<html> <head> <title>JavaScript Test</title> </head> <body> <script>
document.write("Hello world!");
</script> </body> </html>
If you are lazy like me (and I suspect most programmers), you can also copy and paste the three lines, it's faster and you make fewer mistakes. If you are using Internet Explorer you need another line to get past that pesky blockage, so you have four lines instead of three:
<html> <head> <title>JavaScript Test</title> </head> <body>
<!-- saved from url=(0014)about:internet --> <script>
document.write("Hello world!");
</script> </body> </html>
The extra line is ignored by the other browsers. For most of this course, you will keep the first (or first two) and last lines unchanged; only the middle line (between the <script> and </script> tags) is the actual program that we will be changing all the time. This is the traditional one-line "Hello world!" program that all C programmers begin with. Later, when we get into "Object-Oriented Programming" (OOPS), I'll explain what "document.write()" means, but for now you can think of it as a way to see the results of your program.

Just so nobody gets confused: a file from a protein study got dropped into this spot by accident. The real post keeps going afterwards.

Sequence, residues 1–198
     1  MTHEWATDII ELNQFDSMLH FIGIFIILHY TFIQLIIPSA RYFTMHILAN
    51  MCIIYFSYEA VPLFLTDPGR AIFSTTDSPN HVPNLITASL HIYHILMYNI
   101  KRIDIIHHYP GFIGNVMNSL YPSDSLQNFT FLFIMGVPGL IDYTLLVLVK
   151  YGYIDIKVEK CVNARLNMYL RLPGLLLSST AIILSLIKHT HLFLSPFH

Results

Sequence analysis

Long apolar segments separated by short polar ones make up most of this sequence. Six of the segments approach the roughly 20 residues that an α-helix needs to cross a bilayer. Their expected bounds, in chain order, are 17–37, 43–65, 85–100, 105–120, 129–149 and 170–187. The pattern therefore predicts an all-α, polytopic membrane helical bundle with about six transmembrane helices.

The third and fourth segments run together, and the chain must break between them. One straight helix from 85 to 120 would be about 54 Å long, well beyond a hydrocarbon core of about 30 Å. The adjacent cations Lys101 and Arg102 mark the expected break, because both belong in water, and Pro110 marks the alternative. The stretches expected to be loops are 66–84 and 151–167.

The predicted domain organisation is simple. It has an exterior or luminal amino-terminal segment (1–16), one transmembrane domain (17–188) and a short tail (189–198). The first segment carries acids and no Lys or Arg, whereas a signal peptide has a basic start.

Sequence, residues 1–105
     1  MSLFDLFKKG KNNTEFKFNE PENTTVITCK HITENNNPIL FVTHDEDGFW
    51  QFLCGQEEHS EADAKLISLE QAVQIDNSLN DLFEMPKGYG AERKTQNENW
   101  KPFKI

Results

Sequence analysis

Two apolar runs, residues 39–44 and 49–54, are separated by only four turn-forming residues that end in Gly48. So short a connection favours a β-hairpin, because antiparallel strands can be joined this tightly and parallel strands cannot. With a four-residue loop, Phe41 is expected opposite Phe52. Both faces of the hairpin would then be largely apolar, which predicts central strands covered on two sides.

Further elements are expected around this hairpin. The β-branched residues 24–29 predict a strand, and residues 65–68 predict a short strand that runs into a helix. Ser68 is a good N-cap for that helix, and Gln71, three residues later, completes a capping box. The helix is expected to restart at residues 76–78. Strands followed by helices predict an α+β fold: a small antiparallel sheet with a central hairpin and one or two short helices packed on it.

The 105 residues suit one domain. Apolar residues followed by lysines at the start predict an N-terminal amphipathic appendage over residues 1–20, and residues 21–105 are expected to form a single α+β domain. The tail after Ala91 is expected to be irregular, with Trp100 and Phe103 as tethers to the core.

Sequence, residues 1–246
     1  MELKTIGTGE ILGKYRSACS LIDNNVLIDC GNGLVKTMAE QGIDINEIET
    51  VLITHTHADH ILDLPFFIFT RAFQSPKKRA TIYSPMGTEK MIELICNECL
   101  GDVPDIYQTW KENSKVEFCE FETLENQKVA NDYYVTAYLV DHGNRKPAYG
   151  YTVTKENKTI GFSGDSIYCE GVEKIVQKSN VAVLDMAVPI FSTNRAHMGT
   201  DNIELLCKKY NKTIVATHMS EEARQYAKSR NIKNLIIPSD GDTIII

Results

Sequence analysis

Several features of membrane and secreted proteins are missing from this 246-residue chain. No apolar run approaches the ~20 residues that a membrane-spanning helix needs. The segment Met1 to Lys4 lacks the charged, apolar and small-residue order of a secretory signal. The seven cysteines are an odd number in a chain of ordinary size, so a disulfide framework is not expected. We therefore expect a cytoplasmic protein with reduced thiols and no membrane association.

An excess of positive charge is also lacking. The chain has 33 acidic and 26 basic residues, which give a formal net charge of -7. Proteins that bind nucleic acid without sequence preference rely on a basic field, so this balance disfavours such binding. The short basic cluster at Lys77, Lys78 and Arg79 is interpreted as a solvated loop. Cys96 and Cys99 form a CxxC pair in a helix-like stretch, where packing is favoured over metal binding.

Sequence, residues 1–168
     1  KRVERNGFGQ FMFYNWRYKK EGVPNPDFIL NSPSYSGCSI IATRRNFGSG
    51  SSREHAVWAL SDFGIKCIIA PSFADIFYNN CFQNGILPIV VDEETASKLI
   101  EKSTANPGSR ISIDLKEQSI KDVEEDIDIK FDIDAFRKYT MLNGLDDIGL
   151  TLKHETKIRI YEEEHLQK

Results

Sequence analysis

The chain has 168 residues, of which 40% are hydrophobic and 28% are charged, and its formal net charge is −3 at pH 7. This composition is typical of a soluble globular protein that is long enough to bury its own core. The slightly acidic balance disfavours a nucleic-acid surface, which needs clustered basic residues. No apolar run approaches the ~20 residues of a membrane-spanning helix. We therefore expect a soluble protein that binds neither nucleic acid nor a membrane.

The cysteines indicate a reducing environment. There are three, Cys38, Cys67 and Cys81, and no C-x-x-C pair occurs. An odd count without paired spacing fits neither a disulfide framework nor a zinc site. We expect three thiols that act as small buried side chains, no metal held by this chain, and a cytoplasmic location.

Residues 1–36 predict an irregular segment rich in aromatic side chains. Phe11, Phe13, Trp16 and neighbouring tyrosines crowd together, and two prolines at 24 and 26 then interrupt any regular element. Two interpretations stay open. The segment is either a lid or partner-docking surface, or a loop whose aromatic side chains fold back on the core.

To run your program, you need to install it into a web page. Everything you need is already there, just save the file as "Test.html" (without the usual ".txt" at the end). Most text editors will try to add that ".txt" so the operating system knows to open it in the text editor next time; you don't want that. If you use a formatting editor like WordPad or Word, it will try to save it as a formatted document (".rtf" or ".doc" or some such); you really don't want that. When you choose the "File->SaveAs" menu, it will put up a dialog box where you type a file name. Next to the file name is also the format it should be saved in. The default is almost always wrong, you must pop up the menu to choose "Plain text". It may not give you the choice to eliminate the ".txt" in the file name, but this is not catastrophic, just an extra step. You can save it in your default Documents folder or on the desktop where it is easy to find.